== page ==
*You may correct us on the grammar if we’re off. 

Last week the New York Post published the funniest story we’ve read this year. The author, above, is Cassie Lane, an Aussie and former WAG who, to her credit, has a taste for putting words on the page. She previously published a piece on the misery of being a WAG.

A few things we enjoy about Cassie’s NYP story: 1) the fact that it features four selfies and one other photo of the author, but no other photos. Did Phil Mushnick ever receive such vanity treatment? 2) the way it appeals to the NYP’s MAGA-centric, semi-literate audience.  The story is billed as a “living hell” but no actual misfortune ever befalls Lane and her boyfriend, and by the way, whose idea was it to take a driving trip through rural Mexico anyway? It’s the THREAT that she FEELS is what she’s writing about. 3) Finally, Cassie casually mentions that she and her beau cut in the gasolina line in front of roughly 80 cars but she explained it away by saying, and I paraphrase, that desperate times call for desperate measures. Gee, I wonder if any Mexicans trying their best to get to the United States can appreciate that feeling.

Music 101

Sugar We’re Goin’ Down

Is there a shorter all-around band than Fall Out Boy? Is anyone from the Chicago-based band tall enough to ride this ride? Although Patrick Stump (aptly named) is the band’s lead singer, bassist Pete Wentz became the band’s cover boy. Wentz attempted to commit suicide shortly before the band’s 2005 debut album was released but then that album, fueled by this critically praised single, went double platinum and FOB earned a Best New Artist Grammy. Was that more than they bargained for?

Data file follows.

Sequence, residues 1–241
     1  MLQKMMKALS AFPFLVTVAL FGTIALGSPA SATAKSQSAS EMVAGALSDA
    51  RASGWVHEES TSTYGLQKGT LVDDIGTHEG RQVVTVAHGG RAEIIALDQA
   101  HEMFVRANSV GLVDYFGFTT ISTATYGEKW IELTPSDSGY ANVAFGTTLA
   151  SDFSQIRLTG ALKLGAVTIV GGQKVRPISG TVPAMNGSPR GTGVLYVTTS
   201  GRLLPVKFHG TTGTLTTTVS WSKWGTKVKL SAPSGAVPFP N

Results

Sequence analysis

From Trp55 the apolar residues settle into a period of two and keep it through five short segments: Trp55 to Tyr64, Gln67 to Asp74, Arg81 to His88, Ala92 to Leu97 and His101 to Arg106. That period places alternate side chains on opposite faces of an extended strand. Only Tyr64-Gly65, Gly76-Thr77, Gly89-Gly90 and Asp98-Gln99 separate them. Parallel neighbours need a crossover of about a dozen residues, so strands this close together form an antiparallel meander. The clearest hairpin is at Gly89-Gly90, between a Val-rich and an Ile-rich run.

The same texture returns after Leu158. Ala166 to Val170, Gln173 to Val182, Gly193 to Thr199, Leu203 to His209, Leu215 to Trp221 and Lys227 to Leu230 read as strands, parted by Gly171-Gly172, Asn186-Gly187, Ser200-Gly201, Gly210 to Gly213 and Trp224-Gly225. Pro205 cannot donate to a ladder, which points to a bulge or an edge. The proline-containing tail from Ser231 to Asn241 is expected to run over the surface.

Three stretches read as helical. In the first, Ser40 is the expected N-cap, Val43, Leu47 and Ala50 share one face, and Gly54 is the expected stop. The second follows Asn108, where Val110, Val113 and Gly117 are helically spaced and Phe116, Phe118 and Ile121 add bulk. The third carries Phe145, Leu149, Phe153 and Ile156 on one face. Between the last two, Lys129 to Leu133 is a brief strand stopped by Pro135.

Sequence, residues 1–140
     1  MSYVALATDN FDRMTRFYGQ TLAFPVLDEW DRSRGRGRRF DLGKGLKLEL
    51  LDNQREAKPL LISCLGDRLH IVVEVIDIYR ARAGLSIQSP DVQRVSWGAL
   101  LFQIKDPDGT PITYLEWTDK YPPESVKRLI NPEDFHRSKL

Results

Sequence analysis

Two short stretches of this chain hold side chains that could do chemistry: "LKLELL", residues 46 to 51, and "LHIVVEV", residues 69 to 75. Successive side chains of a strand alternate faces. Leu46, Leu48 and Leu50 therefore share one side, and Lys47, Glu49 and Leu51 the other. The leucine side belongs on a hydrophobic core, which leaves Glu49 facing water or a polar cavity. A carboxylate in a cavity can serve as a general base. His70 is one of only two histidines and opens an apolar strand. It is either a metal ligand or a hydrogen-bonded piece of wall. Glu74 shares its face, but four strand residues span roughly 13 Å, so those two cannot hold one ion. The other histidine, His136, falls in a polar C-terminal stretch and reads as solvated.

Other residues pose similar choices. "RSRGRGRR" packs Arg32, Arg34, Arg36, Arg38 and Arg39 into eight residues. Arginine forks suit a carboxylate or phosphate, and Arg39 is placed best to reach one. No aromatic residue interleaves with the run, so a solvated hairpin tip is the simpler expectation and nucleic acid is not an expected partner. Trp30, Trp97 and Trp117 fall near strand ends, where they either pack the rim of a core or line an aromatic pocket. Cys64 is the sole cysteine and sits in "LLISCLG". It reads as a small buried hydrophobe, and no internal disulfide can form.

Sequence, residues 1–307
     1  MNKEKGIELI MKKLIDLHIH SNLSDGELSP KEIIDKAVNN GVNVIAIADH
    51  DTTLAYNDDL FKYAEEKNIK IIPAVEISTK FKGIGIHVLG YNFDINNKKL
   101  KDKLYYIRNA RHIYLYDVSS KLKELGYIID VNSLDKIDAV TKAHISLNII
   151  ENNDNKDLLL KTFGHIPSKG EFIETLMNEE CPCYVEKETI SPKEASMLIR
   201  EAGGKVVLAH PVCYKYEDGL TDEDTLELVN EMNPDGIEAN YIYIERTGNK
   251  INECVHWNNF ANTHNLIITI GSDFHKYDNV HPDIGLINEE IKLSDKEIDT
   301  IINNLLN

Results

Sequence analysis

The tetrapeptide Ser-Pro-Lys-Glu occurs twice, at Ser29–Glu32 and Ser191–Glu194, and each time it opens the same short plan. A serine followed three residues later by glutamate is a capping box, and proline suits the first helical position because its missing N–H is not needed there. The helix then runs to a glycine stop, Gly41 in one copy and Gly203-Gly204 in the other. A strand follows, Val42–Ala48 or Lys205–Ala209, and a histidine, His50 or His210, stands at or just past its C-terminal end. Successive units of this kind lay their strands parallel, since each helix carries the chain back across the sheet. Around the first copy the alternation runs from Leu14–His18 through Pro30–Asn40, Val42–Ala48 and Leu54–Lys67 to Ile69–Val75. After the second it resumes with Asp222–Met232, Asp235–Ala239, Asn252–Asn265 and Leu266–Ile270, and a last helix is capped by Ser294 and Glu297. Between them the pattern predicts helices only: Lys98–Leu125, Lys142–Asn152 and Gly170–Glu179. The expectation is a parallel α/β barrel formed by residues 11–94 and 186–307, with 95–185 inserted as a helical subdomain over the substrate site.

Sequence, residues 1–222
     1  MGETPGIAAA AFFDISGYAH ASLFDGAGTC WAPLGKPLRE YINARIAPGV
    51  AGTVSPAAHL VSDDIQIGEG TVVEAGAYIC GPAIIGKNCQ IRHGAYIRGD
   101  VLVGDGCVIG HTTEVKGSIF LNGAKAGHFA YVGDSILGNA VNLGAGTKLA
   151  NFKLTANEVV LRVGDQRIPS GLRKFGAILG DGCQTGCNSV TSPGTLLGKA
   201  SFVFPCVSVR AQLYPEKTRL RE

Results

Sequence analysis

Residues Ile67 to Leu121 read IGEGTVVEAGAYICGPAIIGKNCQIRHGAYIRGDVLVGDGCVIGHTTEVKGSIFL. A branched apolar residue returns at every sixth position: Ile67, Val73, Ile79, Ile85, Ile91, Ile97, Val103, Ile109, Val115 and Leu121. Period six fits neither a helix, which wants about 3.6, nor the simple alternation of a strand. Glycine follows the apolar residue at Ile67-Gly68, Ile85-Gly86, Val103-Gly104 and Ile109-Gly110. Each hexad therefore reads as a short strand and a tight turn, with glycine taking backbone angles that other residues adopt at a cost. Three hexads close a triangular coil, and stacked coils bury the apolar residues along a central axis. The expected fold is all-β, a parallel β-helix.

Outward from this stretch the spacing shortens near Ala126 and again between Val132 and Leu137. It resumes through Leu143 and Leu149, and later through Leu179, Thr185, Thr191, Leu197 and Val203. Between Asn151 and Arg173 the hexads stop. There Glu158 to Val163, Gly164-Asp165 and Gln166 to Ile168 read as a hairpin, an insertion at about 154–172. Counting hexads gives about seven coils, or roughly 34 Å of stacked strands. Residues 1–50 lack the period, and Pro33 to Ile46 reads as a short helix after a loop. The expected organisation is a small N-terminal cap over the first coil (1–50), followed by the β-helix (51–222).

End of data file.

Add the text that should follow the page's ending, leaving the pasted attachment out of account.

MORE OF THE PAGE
Remote Patrol

High Noon

8 p.m. TCM

In which Gary Cooper engages in a verbal shootout with Bomani Jones and Pablo Torre, guns them down in the street and departs with Grace Kelly. This plot sounds highly questionable.

The 1952 film, which won four Oscars (including Best Actor for Cooper), is often cited by Geno Auriemma as a study in character. At the time this film was made, Cooper was 50 and Kelly was 22 so she should have at least been nominated for an Oscar for so convincingly Acting Interested.


by John Walters